Meanwhile, over the past months, Deputy Mayor for Health and Opportunity Donald Schwarz and his team have begun a dialogue with many of the outdoor feeders. He has been encouraged that many of them have begun to consider partnering with those who manage indoor feeding locations.
Many of these indoor feeding groups would welcome the added volunteers and resources. And so, city government has begun to play a facilitating role by bringing together these two different groups with different strategies but the same overall goal.
We have begun to provide the names and addresses of indoor feeding sites to those who currently feed hungry people outdoors, and soon, we will give the names, addresses and food service times of indoor feeding locations to hungry people who wait for outdoor food distributors.
Now, aside from the dignity provided by sitting down at a given time in a given place for a nutritious meal, an indoor location enables the City and its partners to offer health, mental health, housing, a place to receive mail and other needed services to this very vulnerable population.
In short, we can use the distribution of food in a way that will help our neighbors gain access to resources that can help them get on the right track toward independent, healthy living.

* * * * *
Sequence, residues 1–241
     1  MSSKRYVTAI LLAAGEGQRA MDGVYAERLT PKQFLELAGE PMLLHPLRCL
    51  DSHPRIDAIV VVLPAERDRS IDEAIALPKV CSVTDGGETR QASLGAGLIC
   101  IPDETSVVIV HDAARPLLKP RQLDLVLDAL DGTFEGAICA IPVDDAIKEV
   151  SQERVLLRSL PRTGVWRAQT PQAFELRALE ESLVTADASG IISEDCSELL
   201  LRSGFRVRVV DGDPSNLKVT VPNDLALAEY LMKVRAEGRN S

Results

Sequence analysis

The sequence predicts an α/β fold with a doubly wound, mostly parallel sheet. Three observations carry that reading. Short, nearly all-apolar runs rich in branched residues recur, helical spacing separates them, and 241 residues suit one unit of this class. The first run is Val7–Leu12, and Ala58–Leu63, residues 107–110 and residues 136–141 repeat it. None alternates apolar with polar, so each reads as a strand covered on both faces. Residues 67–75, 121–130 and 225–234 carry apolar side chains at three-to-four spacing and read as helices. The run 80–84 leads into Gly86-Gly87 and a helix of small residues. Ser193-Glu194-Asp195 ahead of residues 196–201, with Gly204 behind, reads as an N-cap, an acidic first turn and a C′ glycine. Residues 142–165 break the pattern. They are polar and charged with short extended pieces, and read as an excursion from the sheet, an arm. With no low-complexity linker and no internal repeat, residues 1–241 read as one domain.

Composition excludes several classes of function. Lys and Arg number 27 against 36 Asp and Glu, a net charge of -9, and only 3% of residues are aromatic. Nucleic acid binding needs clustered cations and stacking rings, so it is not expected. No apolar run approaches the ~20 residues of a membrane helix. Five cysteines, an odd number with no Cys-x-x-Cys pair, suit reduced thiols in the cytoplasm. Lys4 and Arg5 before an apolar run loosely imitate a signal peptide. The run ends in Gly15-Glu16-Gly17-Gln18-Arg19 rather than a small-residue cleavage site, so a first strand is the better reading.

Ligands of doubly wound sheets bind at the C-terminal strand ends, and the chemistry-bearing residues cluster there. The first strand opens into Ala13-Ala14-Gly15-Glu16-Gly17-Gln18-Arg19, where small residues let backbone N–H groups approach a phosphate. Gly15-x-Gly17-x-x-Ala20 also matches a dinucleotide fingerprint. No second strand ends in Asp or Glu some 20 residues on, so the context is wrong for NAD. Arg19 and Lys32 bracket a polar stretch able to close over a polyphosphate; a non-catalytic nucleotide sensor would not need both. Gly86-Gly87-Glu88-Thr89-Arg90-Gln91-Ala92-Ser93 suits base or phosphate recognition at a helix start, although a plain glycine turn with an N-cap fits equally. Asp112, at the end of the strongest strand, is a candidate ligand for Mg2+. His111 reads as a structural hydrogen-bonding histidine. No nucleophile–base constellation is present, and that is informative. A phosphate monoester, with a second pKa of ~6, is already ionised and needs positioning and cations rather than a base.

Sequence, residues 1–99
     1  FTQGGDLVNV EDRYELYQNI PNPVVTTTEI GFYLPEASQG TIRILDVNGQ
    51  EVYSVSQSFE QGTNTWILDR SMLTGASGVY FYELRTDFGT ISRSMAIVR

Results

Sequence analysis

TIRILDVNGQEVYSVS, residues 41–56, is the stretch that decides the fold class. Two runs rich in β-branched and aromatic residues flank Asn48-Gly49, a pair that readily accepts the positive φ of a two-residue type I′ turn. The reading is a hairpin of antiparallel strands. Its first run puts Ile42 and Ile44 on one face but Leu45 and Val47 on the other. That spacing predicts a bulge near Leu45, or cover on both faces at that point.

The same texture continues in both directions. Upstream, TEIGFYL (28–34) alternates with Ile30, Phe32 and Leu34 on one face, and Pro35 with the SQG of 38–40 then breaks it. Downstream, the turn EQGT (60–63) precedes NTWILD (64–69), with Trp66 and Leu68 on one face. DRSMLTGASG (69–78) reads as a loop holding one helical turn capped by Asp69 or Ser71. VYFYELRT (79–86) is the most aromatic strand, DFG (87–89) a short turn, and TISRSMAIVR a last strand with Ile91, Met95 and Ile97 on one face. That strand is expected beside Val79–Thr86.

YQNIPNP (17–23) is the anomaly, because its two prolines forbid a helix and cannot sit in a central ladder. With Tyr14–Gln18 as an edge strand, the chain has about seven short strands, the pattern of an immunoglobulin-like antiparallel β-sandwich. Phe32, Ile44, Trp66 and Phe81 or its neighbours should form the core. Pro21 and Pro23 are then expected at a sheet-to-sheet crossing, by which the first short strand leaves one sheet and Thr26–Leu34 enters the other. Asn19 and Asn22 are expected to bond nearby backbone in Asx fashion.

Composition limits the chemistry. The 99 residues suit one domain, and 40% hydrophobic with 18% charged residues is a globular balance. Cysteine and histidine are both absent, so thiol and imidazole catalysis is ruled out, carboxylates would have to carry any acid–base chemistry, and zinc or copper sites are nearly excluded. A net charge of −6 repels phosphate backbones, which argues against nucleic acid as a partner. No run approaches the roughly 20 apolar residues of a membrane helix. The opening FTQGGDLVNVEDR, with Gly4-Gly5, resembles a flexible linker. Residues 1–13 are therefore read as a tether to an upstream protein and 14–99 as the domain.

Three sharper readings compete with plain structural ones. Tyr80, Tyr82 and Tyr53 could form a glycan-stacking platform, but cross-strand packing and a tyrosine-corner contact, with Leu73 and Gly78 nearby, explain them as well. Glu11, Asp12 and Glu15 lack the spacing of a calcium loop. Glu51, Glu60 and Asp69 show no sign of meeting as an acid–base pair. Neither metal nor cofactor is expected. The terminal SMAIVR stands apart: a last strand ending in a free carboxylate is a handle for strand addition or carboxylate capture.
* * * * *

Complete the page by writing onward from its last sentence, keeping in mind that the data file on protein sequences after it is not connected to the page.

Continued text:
And we should not pass up the opportunity to offer these vital supports to the vulnerable as they partake of a meal. Indoor feeding can help make this a reality.
I understand that over the last 20 years, outdoor feeding has evolved to what it is today. I also understand the strength of old ways and habits, but there are some who simply will resist our efforts to enhance the dignity, safety, health and supports for vulnerable Philadelphians.
In recognition of that, today I am announcing that my Administration will take the following steps immediately so that within a year’s time hungry Philadelphians will no longer need to eat outdoors.
First, I have instructed the Commissioner of Parks and Recreation to issue a regulation that would ban outdoor feeding in all City parks. It’s our intention that this regulation will be enacted tomorrow and goes into effect in 30 days. This regulation will not affect family picnics or permitted events in parks.
Second, as part of the transition process, I have instructed the Commissioner of Public Property to establish a temporary food distribution location on the City Hall apron. All outdoor feeders who want to use the City Hall apron will be required to sign up with the Department of Public Property and reserve the days and times for their activity.